"It's so sad to see a once-great product die such a slow, agonizing death. But it's truly over," he said. "There is nothing, short of reinventing BlackBerrys, that can save RIM."

But Jack Gold of J. Gold Associates said RIM is "troubled" but still alive.

"They still have a loyal, if shrinking, following in the enterprise and government. And in other parts of the world like Latin America and Indonesia, they are a leading consumer smartphone brand," Gold said in a research report.

"However, without being a leader in North America, long-term prospects are bleak. RIM needs to recover from a market perception of being old, clunky and uncool. It needs a compelling user experience fueling that perception change before it can recapture market momentum."

Ramon Llamas of the research firm IDC said that "in the short term, the general consensus is they need to prepare for dwindling market share."

Llamas told AFP that RIM needs to be "a lot more creative" and that the new platform must "knock the ball out of the park" to keep the company competitive.

But because BlackBerry 10 is not yet out, he said, "It's going to be more challenging before it gets better."

Explore further: BlackBerry maker to study options, warns of loss (Update)

Related Stories

BlackBerry maker upbeat on Asian growth markets

June 24, 2011

BlackBerry maker Research in Motion (RIM) is banking on Indonesia and other populous markets for growth in Asia, while it faces intensifying competition worldwide from rivals like the iPhone.

Android smartphones widen lead in US market

May 7, 2011

Smartphones powered by Google software widened their lead on BlackBerry handsets in the US market during the first three months of the year, industry tracker comScore reported on Friday.

US military to pack more BlackBerry smartphones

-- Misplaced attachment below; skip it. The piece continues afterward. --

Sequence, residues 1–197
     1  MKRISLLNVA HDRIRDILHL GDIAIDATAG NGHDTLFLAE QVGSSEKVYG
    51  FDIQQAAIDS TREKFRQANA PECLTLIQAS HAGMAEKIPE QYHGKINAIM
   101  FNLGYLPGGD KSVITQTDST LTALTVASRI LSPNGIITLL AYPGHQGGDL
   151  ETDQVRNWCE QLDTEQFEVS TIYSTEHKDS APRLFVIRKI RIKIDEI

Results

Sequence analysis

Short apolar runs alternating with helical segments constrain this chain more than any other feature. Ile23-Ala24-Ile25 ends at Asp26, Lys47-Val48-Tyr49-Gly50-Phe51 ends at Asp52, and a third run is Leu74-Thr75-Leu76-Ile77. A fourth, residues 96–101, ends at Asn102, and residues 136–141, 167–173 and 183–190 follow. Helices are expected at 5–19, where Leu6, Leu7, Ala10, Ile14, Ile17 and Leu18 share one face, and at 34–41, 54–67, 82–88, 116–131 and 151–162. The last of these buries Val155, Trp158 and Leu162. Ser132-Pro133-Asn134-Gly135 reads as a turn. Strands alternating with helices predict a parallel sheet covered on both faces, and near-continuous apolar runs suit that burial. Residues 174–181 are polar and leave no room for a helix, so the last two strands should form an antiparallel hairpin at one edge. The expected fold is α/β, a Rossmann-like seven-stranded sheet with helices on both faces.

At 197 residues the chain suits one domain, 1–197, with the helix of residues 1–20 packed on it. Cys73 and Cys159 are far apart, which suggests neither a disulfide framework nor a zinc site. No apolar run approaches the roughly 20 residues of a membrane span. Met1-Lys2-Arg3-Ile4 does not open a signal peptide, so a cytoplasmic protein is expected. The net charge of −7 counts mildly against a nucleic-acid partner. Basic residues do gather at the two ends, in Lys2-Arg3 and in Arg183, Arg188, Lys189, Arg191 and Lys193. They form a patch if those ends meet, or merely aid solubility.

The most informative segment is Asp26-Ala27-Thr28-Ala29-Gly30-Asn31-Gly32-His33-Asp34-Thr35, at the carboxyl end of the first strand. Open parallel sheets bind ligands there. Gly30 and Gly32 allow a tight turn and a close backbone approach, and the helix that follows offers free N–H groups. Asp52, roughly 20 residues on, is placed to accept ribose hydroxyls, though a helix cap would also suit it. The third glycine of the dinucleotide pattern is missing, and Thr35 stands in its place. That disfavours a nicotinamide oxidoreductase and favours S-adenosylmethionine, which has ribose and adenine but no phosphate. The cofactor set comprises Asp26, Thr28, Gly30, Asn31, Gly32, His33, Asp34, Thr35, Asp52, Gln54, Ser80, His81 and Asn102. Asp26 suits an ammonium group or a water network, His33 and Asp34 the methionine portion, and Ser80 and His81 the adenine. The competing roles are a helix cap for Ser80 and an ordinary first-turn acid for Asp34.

May 9, 2012

Research In Motion (RIM) on Wednesday announced that the US Department of Defense staff and partners have been given the go-ahead to use more of the Canadian firm's BlackBerry OS 7 smartphones.

BlackBerry bets big on apps, touchscreens

May 1, 2012

Research In Motion (RIM) on Tuesday unveiled a revamped BlackBerry platform that discards the smartphone's trademark keyboard to embrace apps, touchscreens and other trendy features.

Recommended for you

AI and 5G in focus at top mobile fair

February 24, 2018

Phone makers will seek to entice new buyers with better cameras and bigger screens at the world's biggest mobile fair starting Monday in Spain after a year of flat smartphone sales.

Google Assistant adds more languages in global push

February 23, 2018

Google said Friday its digital assistant software would be available in more than 30 languages by the end of the years as it steps up its artificial intelligence efforts against Amazon and others.


Adjust slider to filter visible comments by rank

Display comments: newest first

1 / 5 (1) May 30, 2012
if Hua Wei or Facebook do not buy and put back innovation - marketing and management they will be toast. Good move in paying banks to show them how to survive.
not rated yet May 30, 2012
Why would I want to purchase a blackberry over an android phone?

That is the question that RIM needs to answer.

It is also the question RIM has been avoiding.

Please sign in to add a comment. Registration is free, and takes less than a minute. Read more

Click here to reset your password.
Sign in to get notified via email when new comments are made.